February 14, 2017
The Navajo Generating Station uses coal to produce electricity. Because of recently declining prices of natural gas, the station is facing an uncertain future. Adobe stock
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Letter to the editor: Navajo Nation grassroots groups urge Nation’s leaders to look toward a more sustainable future than coal
Today a deal was voted on in a closed meeting by utility Salt River Project (SRP)expected to continue operations at Navajo Generating Station (NGS), the largest coal-burning power plant in the West, for another two years.
Navajo Nation, Salt River Project hopeful for NGS lease renewal through 2019
Officials from the Navajo Nation and the Salt River Project (SRP) report that negotiations for a replacement lease that would allow the Navajo Generating Station (NGS) to continue operating through the end of 2019 have been productive and that considerable progress has been made.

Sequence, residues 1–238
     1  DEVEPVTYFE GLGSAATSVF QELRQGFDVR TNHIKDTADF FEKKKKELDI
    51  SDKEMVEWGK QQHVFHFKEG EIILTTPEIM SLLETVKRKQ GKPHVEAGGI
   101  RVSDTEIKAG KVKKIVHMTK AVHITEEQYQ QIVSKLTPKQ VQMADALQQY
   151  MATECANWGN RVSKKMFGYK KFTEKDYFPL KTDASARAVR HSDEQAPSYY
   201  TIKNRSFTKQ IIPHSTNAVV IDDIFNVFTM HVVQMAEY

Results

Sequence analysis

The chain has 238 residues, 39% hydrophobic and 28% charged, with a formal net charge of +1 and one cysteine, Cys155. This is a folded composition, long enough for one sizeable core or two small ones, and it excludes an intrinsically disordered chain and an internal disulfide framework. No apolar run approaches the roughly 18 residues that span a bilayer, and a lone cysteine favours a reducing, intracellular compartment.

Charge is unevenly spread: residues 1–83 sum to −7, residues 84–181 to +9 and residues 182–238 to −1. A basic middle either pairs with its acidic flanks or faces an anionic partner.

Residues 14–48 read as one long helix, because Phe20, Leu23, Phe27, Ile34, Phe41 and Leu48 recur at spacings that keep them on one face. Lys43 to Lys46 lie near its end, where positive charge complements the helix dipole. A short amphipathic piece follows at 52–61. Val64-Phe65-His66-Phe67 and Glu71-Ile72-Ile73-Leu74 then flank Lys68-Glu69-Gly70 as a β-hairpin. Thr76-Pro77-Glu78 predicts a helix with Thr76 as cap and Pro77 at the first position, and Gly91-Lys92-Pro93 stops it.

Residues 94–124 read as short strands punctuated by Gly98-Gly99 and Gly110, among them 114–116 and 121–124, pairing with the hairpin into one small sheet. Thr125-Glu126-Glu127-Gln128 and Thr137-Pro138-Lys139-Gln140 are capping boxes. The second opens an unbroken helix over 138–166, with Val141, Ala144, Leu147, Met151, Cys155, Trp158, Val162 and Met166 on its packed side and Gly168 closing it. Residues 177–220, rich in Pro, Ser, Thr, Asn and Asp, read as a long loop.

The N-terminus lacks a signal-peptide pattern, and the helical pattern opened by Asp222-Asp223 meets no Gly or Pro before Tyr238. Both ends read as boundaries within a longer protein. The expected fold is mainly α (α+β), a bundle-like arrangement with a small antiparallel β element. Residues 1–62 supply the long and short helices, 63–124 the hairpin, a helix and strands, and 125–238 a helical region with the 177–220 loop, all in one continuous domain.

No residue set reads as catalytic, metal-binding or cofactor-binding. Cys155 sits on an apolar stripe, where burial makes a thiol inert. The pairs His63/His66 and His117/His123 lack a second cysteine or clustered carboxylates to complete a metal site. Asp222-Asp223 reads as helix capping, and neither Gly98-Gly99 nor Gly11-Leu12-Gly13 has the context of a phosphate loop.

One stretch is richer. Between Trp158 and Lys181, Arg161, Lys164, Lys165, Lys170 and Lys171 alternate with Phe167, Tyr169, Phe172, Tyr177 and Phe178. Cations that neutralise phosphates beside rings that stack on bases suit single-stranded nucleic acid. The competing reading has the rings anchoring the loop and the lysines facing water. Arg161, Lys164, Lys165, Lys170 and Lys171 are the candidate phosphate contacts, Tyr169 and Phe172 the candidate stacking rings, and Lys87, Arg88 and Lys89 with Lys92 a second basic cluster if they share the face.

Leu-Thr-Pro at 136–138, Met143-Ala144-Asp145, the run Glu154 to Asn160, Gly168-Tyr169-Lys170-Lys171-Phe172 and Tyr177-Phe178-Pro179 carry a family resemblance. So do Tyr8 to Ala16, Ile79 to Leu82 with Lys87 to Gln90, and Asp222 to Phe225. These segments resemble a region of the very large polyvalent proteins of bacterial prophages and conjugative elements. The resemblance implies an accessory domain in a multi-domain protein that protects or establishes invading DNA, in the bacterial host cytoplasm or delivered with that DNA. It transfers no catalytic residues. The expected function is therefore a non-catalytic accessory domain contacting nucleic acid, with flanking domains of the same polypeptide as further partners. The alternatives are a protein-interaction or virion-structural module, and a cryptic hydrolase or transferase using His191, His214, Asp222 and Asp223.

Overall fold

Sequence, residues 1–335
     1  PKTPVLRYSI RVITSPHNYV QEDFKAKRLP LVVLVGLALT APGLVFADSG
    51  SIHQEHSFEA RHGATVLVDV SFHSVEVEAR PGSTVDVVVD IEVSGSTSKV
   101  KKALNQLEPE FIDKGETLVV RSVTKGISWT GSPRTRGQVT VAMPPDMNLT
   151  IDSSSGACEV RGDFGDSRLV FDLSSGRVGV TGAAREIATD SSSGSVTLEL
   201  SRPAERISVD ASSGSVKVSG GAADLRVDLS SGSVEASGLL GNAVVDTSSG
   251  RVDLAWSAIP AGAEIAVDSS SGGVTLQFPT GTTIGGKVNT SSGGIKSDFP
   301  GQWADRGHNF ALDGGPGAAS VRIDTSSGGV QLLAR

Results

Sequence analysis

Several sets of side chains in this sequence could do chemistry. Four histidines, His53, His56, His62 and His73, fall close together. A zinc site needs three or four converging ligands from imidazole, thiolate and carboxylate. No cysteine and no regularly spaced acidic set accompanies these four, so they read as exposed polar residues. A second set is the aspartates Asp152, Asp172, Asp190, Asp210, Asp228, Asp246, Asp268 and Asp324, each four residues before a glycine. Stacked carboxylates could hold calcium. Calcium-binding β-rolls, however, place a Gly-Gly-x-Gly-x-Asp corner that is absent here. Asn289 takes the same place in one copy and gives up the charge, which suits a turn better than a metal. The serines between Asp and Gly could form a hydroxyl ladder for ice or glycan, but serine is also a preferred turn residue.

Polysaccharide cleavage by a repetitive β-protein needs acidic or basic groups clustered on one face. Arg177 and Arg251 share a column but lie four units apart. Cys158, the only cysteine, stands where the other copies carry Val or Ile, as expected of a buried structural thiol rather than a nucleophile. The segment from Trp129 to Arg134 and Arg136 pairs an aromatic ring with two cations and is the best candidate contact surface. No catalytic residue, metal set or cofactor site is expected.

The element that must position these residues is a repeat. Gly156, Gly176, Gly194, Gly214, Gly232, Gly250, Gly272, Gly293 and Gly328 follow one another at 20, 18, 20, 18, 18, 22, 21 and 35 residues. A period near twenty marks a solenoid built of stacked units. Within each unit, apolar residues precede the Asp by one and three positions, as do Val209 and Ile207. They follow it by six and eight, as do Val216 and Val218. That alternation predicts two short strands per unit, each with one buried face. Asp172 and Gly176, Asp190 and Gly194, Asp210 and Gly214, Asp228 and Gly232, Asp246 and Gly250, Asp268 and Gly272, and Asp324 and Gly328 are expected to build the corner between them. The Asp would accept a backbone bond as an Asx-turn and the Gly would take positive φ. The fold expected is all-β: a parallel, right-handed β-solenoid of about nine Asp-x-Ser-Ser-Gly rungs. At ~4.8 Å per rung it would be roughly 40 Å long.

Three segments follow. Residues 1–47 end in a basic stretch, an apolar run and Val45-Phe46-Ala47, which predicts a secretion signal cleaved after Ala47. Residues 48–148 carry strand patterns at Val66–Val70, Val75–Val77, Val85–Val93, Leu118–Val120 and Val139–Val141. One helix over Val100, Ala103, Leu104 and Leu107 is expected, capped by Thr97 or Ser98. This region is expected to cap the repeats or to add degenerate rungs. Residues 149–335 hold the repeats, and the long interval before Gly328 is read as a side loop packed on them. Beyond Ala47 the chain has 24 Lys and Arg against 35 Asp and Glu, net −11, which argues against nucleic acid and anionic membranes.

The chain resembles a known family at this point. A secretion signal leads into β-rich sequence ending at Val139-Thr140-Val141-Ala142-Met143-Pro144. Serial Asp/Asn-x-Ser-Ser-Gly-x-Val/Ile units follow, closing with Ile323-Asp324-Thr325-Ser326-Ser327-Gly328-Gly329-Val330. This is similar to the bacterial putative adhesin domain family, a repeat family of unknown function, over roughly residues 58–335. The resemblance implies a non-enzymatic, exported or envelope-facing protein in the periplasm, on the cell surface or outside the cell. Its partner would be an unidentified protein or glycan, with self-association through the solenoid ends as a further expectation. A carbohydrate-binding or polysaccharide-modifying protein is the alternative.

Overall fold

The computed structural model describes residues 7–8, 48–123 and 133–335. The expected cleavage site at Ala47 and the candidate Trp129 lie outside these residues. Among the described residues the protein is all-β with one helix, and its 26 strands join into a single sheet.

Navajo Nation President Russell Begaye and Vice President Jonathan Nez addressed employees of the Navajo Generating Station (NGS) March 4 at the LeChee Chapter House in Page, Arizona.
Despite pledges to look for alternatives, closing the Navajo Generating Station in Page could devastate the local economy, where hundreds of jobs rely on the plant and affiliated coal mine and where experts see few, if any, workable solutions.
The owners of the Navajo Generating Station in Page voted Feb. 13 to keep the plant operating until its lease ends in December 2019, pending agreement with the Navajo Nation on reclamation of the site.
Closing date hinges on agreement with Navajo Nation on reclamation of site
Update: Navajo Generating Station to close in 2019, plant owners say. Look for updates in next week's NHO.